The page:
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Discussion Starter · #5 ·
Thanks guys. I'm in an older house and everything else is 15a, I think. I just wanted the equipment rack and the pj to get the 20a. I guess thats the way I'll go. But just to make sure, it just means more potential. Electronics are not going to fry just because its plugged into a 20a circuit, right? Hate to hang the pj and have it fried.


Thanks again.


Andy
 

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That's right. The current draw is determined by the load. The wiring and associated hardware needs to be able to handle the load. If the pj is the only load for example and if it draws maybe 6amps, there will be 6amps running through a circuit with the ability to handle 20amps peak and 16amps continuous.
 

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Let's separate the current capacity from the voltage drop.


Voltage drop is the difference between the voltage at the circuit's origination and the load. This is dependent on only two things: the circuit resistance and the circuit's current flow. E (volts) = I (amps) x R (resitance).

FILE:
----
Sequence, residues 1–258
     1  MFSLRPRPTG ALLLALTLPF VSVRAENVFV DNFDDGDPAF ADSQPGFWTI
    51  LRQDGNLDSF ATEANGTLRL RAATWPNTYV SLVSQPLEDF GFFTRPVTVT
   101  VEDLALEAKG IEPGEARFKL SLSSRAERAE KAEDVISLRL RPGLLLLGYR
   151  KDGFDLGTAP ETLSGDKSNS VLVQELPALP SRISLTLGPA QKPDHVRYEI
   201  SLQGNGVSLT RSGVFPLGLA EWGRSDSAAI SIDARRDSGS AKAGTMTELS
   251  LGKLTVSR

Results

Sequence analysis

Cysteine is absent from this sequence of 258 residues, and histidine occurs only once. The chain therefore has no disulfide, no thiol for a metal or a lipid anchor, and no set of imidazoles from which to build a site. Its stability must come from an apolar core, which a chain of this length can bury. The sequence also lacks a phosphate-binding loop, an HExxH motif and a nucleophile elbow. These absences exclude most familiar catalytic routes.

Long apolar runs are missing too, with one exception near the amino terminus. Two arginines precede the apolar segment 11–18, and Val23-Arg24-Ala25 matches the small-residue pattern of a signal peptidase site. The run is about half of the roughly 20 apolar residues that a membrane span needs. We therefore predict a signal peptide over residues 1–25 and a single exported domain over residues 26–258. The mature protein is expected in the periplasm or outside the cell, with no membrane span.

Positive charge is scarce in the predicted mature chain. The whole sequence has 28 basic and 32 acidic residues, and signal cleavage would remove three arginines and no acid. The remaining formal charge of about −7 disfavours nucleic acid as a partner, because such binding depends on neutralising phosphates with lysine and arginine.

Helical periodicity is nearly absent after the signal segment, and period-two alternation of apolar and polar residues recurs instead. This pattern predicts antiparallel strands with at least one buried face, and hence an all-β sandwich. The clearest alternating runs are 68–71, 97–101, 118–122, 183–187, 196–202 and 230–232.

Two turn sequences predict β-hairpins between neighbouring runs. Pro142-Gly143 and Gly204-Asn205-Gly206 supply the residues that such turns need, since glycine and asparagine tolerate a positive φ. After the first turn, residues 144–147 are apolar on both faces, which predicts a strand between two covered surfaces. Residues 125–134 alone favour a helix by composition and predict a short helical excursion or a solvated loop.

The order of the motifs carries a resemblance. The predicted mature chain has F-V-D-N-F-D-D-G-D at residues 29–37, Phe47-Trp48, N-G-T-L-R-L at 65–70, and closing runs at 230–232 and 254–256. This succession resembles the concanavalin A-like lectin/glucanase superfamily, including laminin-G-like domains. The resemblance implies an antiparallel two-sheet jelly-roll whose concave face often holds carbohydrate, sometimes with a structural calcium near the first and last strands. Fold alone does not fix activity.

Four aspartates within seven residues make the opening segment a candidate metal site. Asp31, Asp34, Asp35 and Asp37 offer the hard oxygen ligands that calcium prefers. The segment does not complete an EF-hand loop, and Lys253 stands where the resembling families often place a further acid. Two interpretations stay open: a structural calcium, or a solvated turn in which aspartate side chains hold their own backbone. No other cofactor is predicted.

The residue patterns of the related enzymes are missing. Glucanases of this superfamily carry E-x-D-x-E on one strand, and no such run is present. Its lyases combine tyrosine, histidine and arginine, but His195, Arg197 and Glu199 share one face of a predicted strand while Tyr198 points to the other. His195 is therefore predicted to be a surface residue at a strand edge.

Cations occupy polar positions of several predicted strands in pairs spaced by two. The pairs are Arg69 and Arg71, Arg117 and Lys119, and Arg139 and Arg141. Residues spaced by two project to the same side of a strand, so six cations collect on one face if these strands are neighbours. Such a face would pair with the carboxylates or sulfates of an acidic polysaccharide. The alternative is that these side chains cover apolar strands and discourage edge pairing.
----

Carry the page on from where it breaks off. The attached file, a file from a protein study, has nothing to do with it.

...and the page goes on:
You can always use a larger wire size, 12 instead of 14 for example, and still render it a 15-amp circuit by using that size breaker; the inverse is not doable. The breaker protects the wire from overheating.


The load expected on a circuit is what determines the best wire for the job. Lighting is generally a consistant load once calculated. Electronics is more variable, and more sensitive to voltage variations.


What's important is that the labor cost is the same, the cost of the breakers is the same, the devices (receptacles and switches) are the same, and the wire cost difference is about 25%, so choose by need.


Whether to run a sub-panel instead of individual circuits depends on (a) the distance, (b) room in the main panel, and (c) the importance of individual load diversity (one overload not shutting down everything).


A large feeder will exhibit much less voltage drop over a distance as compared to separate runs, especially since few circuits will be loaded simultaneously. Plus, a subpanel gives a great fun factor!